As the deputy director of the Institute of Political and Military Analysis, Alexander Khramchikhin, notes, Beijing has long been abhorrent to the blatant theft of technology, in which it has been very successful. For example, there are no data indicating that Russia has ever sold China directly to Smerch multiple launch rocket systems (MLRS) or a license to manufacture them. Nevertheless, the Chinese Army first appeared MLRS A-100, very reminiscent of the "Tornado", and then PHL-03 - a complete copy of this system.
The self-propelled artillery installation of the Tour 88 (PLZ-05) is very similar to the Russian Mstu, which has also never been exported to the PRC.
Russia has never sold a C-300 anti-aircraft missile system license to China, but this did not prevent the Chinese from copying it under the name HQ-9. The Chinese BMP ZBD04 is extremely similar to the Russian model BMP-3, and the C-602 cruise missile is similar to the Russian X-55 cruise missile.
There are reasons to be offended by China and the United States. Chengdu J-20 The Black Eagle has a large number of similar and completely copied elements from the Russian 1.44 and fifth-generation F-22 and F-35 Russian fighter jets that have not completed the test. And the Chinese regional aircraft ARJ-21 is a reincarnation of the American DC-9 airliner, released in the middle of the 1960-s for medium-length lines.
"Scientifically," what China does, reproducing samples of foreign technology, is called "reverse engineering." Any product is taken, completely disassembled, every detail is carefully redrawn, and the resulting drawings are then transferred to the production workshops, which begin to produce this product under the Chinese brand. At the same time, as noted in the above-mentioned report of the British Society of Aeronautics, "reverse engineering at such a high level implies a high degree of technical competence." But China has invested a lot of manpower and resources in research and technological infrastructure, which is a prerequisite for creating a world-class aerospace industry.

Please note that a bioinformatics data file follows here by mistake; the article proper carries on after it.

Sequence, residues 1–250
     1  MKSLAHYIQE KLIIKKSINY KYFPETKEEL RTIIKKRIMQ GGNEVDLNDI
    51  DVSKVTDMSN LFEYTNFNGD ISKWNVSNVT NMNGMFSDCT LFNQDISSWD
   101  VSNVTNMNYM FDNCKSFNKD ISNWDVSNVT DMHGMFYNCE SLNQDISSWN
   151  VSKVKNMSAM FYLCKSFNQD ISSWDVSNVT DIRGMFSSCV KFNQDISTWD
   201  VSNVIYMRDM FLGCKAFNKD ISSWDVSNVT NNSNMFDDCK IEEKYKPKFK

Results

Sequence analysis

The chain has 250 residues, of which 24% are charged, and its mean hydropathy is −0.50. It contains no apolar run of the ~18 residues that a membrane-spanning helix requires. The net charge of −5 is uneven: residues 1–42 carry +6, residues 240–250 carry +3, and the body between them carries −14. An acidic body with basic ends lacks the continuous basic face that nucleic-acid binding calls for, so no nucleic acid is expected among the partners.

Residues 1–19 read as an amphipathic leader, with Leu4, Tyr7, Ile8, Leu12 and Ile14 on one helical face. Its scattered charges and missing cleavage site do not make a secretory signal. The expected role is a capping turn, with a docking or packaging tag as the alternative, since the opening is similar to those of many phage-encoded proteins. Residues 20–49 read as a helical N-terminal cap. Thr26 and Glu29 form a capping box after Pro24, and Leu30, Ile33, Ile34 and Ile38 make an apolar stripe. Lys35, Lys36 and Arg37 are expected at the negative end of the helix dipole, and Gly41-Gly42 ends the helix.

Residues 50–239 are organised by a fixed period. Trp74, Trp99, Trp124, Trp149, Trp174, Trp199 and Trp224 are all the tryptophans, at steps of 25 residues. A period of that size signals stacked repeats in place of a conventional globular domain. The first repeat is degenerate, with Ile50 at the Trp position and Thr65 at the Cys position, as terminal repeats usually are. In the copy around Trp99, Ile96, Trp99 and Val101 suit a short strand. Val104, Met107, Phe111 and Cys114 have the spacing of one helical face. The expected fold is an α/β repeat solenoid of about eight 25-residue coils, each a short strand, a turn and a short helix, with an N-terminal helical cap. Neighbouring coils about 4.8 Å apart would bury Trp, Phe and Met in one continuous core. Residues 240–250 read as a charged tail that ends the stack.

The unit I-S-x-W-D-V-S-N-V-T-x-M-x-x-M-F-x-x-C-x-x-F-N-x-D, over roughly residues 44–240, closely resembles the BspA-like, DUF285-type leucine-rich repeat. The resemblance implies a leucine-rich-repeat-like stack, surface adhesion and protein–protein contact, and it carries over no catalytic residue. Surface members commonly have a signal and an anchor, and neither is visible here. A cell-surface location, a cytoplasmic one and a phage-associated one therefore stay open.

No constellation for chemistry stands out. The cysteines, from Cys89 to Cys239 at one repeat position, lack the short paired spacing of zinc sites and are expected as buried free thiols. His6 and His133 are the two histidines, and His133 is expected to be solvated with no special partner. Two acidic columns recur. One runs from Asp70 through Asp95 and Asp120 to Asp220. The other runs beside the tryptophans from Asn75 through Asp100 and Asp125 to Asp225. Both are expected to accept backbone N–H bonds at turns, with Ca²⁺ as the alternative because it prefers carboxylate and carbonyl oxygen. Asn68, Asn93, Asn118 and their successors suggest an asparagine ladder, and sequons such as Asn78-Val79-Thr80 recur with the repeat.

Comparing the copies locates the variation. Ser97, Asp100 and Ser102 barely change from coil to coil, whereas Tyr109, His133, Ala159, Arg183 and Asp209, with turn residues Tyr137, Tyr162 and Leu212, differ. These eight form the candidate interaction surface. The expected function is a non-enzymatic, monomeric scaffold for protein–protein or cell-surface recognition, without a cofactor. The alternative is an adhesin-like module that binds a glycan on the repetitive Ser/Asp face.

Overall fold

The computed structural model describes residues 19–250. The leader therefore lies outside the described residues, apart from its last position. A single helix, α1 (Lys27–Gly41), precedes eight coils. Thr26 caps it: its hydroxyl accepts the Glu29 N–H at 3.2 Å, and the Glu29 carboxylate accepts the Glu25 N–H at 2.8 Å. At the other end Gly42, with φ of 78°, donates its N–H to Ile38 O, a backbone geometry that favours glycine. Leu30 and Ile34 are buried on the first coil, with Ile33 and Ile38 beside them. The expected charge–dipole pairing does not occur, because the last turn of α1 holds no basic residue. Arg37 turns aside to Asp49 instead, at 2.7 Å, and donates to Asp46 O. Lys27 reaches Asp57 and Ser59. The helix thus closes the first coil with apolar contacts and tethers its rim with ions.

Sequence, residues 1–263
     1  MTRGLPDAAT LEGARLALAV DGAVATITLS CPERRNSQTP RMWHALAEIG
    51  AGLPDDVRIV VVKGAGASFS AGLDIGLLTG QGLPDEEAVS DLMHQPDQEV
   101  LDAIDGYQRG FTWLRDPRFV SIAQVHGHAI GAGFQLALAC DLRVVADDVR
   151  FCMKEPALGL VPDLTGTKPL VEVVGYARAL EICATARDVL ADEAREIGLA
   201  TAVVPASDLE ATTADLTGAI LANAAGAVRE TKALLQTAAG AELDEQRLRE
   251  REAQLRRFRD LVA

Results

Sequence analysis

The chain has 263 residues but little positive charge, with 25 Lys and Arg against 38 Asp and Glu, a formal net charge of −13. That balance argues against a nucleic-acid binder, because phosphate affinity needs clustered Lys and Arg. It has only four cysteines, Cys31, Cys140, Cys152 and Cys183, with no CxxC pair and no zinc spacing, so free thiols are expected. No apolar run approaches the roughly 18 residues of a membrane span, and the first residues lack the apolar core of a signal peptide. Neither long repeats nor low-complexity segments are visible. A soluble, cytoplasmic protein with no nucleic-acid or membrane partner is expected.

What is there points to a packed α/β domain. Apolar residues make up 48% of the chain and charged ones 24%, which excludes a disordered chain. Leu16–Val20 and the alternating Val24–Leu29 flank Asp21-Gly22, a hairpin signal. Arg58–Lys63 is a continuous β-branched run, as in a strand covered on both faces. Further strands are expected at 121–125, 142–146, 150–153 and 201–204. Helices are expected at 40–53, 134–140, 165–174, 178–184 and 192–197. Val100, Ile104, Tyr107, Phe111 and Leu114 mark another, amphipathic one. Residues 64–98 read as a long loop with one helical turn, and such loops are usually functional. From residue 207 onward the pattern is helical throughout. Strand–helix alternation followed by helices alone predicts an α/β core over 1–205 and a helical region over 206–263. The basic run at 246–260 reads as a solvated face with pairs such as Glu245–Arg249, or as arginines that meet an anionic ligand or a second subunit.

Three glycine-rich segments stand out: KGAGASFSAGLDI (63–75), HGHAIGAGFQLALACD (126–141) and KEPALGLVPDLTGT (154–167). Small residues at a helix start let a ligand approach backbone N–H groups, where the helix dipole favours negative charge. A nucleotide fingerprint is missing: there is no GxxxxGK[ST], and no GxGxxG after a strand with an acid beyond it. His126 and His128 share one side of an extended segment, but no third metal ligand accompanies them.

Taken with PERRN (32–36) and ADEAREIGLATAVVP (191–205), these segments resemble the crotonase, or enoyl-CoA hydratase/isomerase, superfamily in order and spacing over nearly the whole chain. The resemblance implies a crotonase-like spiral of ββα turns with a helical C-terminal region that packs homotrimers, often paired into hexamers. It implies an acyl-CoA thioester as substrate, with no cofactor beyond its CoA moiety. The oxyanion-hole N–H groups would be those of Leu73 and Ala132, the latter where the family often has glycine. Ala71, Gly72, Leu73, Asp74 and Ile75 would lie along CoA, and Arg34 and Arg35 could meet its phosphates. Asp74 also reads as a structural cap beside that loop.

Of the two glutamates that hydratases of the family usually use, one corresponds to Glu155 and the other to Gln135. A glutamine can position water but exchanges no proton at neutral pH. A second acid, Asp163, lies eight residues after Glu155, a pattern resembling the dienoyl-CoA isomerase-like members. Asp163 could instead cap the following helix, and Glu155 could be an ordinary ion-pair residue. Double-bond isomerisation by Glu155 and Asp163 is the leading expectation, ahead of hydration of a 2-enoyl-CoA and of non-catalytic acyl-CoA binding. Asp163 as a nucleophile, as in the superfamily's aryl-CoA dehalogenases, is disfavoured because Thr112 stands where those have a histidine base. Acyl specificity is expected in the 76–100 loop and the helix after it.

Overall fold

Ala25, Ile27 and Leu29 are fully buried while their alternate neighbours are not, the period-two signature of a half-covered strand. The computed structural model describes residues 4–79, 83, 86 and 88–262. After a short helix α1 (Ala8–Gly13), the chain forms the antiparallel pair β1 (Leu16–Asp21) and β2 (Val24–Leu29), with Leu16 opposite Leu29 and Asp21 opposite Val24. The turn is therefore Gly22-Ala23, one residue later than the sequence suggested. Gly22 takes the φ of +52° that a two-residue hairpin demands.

But, oddly enough, in the “reverse design” carried out by the PRC, there are also positive sides, and for the very manufacturers whose products China “designs back”. Managers of foreign aircraft manufacturing companies that have joint ventures with China unanimously express concern about the theft of this technology by this country. And at the same time, they note: including for this reason, their companies need to constantly create new technologies in order to maintain a competitive advantage over Chinese products. So, the “reverse design” practiced by China involuntarily stimulates scientific and technical progress in the field of aviation.